News, Insights and Stories from the Australian and New Zealand tech ecosystem.

Mastering the Art of Rejection

Rejection is a part of life – and sometimes it really, really sucks. But as a startup, learning to master how you take it, and how you let it impact your growth strategy is a skill set, that once unlocked, will open up a world full of opportunity.

Researchers at the University of Michigan Medical School released a paper called Molecular Psychiatry last year; and the team, lead by David T. Hsu, Ph.D., found that during the process of rejection, the human brain responds in the same way it does to experiencing physical pain and releases a natural painkiller (opioid) into your system. An opioid is a psychoactive chemical that resembles morphine or similar opiates.

Whilst this study was primarily based around social rejection, previous studies from Columbia University on the same topic displayed similar results when it came to emotional rejection – the type that sales people and those in business regularly experience. I would argue that all rejection has an emotional element to it in varying degrees.

Rejection handling is a skill set, and it all starts with understanding your own emotions and mentality.

Too Fat to be the Red Power Ranger

Some people grow up experiencing rejection from a very early age. It either makes them or breaks them. Most of us would be familiar with a person that has gone one way or the other in our daily lives.

I was lucky that I had a fantastic, loving support network around me growing up and I was never really bullied or rejected at school. I was more a drifter / loner; and given I naturally enjoy my own company, I never felt that I was segregated socially from my class mates. I was quite happy chilling in the library reading the paper at lunch.

After school, I spent a year studying performing arts and then the next 12 months trying to be an actor. I spent a year getting rejected. Every role. One year.

I still remember the first audition. At the time, I was auditioning for a role with Tokyo Disney. I walked into the room, which was a huge dance studio in Sydney and the people sitting down in front of me seemed so far away. There were 23 of them. The first part of the audition involved me singing. The piece I had prepared was from Snoopy: The Musical called “Where Did That Little Dog Go?”

The piano started playing, and I began to sing.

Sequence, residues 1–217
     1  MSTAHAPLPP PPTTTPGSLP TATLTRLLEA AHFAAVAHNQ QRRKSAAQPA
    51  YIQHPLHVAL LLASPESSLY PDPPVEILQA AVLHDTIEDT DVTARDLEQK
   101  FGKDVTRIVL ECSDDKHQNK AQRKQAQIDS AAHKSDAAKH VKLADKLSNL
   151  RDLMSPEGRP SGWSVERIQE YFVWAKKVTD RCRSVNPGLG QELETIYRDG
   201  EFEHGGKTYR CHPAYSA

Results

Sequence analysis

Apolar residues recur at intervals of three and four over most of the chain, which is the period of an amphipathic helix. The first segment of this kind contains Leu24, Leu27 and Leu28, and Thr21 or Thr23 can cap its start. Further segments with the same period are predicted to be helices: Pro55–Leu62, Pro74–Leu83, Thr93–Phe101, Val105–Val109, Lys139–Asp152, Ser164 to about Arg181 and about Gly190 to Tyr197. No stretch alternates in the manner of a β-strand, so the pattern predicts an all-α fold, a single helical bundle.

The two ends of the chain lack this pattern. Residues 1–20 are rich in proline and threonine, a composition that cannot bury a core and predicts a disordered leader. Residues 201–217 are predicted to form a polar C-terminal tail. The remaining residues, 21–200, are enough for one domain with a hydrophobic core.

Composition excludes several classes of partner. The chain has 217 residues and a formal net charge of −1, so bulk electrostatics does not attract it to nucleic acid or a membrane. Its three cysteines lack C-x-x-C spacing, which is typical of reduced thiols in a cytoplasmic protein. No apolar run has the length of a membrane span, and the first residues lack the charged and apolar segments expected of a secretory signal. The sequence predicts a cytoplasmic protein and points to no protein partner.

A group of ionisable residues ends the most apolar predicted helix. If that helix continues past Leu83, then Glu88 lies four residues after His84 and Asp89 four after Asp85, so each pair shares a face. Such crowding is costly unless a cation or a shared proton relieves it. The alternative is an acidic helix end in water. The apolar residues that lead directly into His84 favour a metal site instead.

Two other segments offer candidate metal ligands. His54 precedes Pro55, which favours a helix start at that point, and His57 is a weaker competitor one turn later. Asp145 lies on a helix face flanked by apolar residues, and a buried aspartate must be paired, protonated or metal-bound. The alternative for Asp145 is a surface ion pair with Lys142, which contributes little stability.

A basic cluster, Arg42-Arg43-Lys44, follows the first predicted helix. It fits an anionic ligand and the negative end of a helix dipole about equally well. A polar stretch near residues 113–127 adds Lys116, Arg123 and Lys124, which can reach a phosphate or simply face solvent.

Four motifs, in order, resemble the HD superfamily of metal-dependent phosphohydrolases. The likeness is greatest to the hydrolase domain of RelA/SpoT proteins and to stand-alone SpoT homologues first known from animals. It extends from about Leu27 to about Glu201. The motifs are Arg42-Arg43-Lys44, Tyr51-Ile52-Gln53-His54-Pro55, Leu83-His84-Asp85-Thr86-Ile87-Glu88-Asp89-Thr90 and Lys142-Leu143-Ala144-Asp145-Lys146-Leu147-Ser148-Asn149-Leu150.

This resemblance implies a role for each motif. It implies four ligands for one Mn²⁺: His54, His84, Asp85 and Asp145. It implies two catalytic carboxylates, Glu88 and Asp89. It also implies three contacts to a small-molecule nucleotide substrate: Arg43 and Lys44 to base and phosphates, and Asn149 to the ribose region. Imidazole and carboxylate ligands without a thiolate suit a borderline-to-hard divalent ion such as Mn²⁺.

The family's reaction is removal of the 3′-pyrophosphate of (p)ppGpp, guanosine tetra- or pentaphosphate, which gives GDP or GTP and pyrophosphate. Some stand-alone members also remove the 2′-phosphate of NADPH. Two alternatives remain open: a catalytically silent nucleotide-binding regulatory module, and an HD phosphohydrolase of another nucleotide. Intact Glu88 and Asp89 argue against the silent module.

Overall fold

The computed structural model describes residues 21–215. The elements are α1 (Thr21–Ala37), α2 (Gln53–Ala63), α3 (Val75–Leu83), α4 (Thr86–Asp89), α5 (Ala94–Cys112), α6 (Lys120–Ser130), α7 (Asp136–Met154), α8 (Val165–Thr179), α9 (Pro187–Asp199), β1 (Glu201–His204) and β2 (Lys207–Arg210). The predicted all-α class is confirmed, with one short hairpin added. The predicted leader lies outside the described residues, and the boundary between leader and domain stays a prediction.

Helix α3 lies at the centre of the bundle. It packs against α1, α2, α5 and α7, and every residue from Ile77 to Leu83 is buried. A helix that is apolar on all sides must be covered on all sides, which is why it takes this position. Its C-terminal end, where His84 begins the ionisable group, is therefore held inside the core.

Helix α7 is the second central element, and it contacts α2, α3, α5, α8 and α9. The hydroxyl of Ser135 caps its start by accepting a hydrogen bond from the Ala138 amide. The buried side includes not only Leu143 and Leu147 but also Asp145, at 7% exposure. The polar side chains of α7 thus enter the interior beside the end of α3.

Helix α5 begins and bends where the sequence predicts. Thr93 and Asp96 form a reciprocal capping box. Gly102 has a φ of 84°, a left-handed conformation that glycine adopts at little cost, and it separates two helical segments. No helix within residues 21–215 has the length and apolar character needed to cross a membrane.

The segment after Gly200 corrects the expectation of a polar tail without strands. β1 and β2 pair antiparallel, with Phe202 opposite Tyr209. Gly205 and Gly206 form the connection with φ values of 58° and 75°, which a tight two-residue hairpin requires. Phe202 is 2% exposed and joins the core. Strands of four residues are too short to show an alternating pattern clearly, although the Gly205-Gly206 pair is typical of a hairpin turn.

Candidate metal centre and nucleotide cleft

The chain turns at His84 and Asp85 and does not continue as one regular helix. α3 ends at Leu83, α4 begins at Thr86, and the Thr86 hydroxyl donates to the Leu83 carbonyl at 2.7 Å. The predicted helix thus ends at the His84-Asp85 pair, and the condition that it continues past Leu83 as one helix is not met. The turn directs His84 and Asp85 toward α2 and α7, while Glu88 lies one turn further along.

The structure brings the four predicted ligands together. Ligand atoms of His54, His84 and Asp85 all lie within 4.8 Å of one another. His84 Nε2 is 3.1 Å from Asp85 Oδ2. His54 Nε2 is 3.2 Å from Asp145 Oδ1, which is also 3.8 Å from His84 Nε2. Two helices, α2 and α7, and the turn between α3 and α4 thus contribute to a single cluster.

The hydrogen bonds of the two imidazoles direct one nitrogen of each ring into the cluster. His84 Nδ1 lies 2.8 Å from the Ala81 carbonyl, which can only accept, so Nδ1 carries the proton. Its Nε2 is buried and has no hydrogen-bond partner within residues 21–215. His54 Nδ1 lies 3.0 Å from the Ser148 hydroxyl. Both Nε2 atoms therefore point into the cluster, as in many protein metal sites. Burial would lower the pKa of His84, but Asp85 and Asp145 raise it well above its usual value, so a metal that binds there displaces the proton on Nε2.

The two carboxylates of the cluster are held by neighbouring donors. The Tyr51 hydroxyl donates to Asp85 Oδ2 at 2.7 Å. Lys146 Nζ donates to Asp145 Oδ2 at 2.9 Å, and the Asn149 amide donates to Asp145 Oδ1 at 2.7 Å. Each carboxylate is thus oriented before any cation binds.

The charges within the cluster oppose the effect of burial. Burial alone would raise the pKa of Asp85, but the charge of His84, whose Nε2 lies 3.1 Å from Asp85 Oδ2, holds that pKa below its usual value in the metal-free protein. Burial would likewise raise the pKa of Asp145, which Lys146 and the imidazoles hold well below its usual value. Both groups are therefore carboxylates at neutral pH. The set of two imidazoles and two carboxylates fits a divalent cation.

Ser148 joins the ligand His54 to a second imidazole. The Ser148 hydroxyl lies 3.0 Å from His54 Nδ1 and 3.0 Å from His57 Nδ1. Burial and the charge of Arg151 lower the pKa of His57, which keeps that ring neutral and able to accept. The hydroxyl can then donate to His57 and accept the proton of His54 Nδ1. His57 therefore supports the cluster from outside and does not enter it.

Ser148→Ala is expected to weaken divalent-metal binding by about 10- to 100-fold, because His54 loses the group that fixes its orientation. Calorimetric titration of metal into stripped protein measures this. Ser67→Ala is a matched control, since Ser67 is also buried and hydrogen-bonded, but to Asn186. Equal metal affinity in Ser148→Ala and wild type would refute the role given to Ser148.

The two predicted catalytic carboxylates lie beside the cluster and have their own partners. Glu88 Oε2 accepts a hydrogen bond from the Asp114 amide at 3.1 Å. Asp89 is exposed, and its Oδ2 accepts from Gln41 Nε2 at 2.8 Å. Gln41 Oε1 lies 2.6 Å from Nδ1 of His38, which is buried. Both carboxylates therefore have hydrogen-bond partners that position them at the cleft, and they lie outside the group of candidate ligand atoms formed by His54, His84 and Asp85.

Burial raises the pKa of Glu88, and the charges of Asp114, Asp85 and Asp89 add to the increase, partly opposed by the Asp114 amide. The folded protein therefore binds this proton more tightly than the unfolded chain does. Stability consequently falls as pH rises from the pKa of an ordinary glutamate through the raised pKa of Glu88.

“When I had my choice of a cat or a …”

Suddenly the man in the centre of the long table yelled out interrupting me.

“Ok, I think we’ve heard enough – NEXT!”

Hello World. I shuffled awkwardly over to the piano and took my sheet music back and let out a choked up mousey ‘Thank you all so much for your time today’, and left the building.


I spent the next year auditioning for various roles in movies and television. Occasionally I would get a bit of a ‘featured extra’ or ‘fifty-worder’ spot and I would get my mug on the telly. At least that gave my parents some reprieve that all the money they spent supporting me through that year of performing arts college wasn’t a total waste.

One of the last auditions I ever did was for the part of the Red Power Ranger. The feedback was that there would be no way I could pull off that Lycra suit. Show business and the rejection that comes with it is often the best sales training ground for future sales people. The rejection is personal and irreverent.

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Startups, Selling and Scaling

I have spent most of the last nine years building and managing sales teams; and in that time, I have found out what the biggest challenge of being a leader is – coaching salespeople to a point where they can mentally handle the rejection factor.

Creatives make great sales people, because the arts is an industry rife with rejection.

Every time someone says ‘No’ to what you are selling, it hurts. The trick to understanding the rejection process better is a little sales skill called listening.